Fig. 2. The Initial Interface of the Prototype System

A user enters a topic term that the user thinks is a main topic for what the user is searching. Topic words could be broad and general words such as words that people might choose first when they conduct a keyword search on a search engine. The system searches segments containing the input keyword. Retrieved segments are regarded as first segments of sequences to be generated. Then the system retrieves segments that have the highest values of Main Topic Term Dependency to the first segments. These retrieved segments are the second segments in the sequences. This process is repeated until the system does not find segments with the value of Main Topic Term Dependency more than a certain threshold. The circled segment in Fig. 3 (labelled "right0" with the red background) is a segment containing the search term "musician". This segment is the first segment of possible sequences. The content of this segment is shown in the text area on the right side of Fig. 3. The segments connected with the first segment with lines in Fig. 3 (labelled with "presentation", "Organization", and "work") are suggested as the second segment of a sequence. That is, the user recognises that stories about "musician" is extended to the topics such as "presentation", "organisation" and "work". By clicking segments, correspondent contents are shown up in the text area (Fig. 4). By pressing mouse button down on a segment, the segment is linked with lines to the next candidates so that users can instantly see possible connections. By releasing

the button the lines disappear. These clicking functions are applied to all the segments in the space.
Segment containing the search word

Fig. 3. An Initial Display of the Search Result

A clicked segment

Content of the segment

Fig. 4. A Clicked Segment Shows its Contents

By double clicking, the position of the target segment is fixed so that a user can fix his/her viewpoint (Fig. 5). Fixed segments are still movable by drag & drop. Users can formalise the information space incrementally [24].

A double-clicked segment => position fixed

Fig. 5. Fixing Segment Position by Double-Clicking

These functions support to compare possible contexts simultaneously. For example, a user fixes two segments labelled with "presentation" and "Organization" as shown in Fig. 6 to see what these sequences are and which sequence is more interesting than the other for the user, and to see what segments are connected to these fixed segments to let sequences grow. This allows users to incrementally formalise the sequence from existing suggestions.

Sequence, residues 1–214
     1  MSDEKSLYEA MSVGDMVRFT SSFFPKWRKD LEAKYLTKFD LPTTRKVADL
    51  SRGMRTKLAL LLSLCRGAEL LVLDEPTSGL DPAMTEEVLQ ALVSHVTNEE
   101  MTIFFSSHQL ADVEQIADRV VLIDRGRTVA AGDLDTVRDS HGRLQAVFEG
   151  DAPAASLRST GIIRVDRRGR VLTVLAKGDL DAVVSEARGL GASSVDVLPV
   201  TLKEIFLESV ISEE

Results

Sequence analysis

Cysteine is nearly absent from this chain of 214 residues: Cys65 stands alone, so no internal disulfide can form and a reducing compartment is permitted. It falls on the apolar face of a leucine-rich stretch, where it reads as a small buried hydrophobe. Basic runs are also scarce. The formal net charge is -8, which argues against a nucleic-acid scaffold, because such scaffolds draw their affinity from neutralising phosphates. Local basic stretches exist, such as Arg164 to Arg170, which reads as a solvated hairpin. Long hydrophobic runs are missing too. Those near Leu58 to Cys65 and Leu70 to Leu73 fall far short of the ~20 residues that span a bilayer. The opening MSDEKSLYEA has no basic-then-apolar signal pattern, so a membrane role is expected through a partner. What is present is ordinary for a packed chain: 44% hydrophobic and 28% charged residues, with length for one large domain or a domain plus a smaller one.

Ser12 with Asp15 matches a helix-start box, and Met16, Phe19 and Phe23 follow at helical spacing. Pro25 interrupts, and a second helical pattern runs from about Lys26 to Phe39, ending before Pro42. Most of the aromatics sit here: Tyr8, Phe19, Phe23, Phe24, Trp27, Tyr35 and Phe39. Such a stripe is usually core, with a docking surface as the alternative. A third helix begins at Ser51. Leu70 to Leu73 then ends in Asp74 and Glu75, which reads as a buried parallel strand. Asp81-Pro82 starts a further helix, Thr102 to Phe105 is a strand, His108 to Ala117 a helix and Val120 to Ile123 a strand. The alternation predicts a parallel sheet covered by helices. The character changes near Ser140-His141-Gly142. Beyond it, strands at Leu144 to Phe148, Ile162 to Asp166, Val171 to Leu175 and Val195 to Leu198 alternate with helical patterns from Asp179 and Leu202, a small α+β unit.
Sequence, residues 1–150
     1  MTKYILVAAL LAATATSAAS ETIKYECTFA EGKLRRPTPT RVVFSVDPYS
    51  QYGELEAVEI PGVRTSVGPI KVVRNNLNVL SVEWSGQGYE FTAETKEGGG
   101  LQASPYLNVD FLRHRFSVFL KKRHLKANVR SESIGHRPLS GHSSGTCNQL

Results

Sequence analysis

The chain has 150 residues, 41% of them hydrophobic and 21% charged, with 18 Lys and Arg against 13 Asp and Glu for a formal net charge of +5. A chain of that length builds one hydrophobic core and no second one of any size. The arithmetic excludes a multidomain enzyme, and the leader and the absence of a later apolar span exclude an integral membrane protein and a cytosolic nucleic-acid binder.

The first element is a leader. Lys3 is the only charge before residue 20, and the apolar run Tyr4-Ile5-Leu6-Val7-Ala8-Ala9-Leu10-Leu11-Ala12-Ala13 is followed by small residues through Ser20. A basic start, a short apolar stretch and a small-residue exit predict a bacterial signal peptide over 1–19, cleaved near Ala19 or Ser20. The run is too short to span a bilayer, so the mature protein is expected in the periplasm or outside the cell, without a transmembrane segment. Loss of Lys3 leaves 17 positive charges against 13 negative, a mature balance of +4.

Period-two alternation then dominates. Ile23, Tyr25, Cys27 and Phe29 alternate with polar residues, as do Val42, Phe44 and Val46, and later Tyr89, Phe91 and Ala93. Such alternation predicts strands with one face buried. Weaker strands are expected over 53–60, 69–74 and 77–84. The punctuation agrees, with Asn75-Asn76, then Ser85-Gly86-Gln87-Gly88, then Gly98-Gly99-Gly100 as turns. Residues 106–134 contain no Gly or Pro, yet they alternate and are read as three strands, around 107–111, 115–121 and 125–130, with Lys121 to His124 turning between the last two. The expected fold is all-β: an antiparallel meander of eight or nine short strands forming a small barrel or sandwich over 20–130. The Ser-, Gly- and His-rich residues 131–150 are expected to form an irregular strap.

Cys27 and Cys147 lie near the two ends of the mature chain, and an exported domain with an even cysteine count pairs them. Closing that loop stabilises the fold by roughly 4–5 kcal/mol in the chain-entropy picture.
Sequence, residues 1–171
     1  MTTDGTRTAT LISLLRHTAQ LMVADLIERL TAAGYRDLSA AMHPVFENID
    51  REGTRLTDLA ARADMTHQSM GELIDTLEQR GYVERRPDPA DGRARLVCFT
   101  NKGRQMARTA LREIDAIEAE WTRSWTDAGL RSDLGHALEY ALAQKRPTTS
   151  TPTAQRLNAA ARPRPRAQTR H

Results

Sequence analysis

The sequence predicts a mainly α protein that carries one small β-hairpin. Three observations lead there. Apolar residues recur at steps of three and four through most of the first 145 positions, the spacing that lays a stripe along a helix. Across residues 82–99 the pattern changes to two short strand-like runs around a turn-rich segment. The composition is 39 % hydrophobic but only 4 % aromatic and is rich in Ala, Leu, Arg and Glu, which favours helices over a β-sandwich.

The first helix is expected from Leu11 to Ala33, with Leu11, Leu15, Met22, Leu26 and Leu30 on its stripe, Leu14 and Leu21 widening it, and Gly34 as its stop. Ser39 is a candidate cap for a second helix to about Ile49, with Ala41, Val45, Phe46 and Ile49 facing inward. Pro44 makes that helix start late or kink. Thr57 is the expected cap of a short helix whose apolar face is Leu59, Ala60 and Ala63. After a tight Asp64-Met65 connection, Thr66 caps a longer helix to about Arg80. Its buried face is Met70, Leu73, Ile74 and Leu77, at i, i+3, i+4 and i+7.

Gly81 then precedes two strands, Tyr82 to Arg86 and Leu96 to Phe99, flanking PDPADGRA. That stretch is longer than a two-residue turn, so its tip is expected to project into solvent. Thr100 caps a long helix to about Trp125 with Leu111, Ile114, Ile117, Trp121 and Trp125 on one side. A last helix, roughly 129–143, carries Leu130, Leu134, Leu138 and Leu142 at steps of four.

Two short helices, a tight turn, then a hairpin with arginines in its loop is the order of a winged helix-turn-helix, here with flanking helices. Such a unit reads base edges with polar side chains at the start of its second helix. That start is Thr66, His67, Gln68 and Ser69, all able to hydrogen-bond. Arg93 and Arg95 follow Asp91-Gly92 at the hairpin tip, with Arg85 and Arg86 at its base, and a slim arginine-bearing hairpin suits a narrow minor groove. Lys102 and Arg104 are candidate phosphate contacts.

A double-clicked segment

Fig. 6. Comparing Multiple Contexts Simultaneously

By double-clicking with pressing down the shift key, the system shows the entire selected sequences so that the user can actually read and understand the content of the sequence (Fig. 7). If a user shift-double-clicks a segment labelled "presentation" which is the second segment following the first segment labelled "right0" in this case, then the system shows a new text box that connects the content of the "right0"

segment and that of the "presentation" segment (Fig. 7). Contents of the first segment up to the shift-double-clicked segment are connected into one sequence. Users can open as many text areas as they want so that they can compare multiple sequences with each other.
A shift + double-clicked segment
The sequence from the beginning appears

Fig. 7. Shift + Double-Clicking for Connected Content

5. Discussion
An example of generated sequence is shown in the appendix section. This result is composed of three segments whose main topics are "right", "Organization", and "protect" respectively, searched by the word "musician". The sequence is "right" => "Organization" => "protection"2. Our first impression is that the generated sequence is consistent and seems to be "a story". This sequence starts with general concepts of "author's right" in the context of creative activity in artistic fields. Then it moves to a more specific type of right "copyright". Then it tells the copyright in the musicians' context, and ends with practices of intellectual properties. Our system aims at generating possible sequences that stimulate users' thinking based on the Knowledge Liquidization & Crystallization concept. The system is an implementation of the KNC system. The computations, representations of information, and interactions with information are correspondent to what the KNC system has suggested [13]. It dissolves information artefacts (documents in this case) into small segments with preserving the local semantic relationships, and then it restructures the relationships among the segments in a contextual way.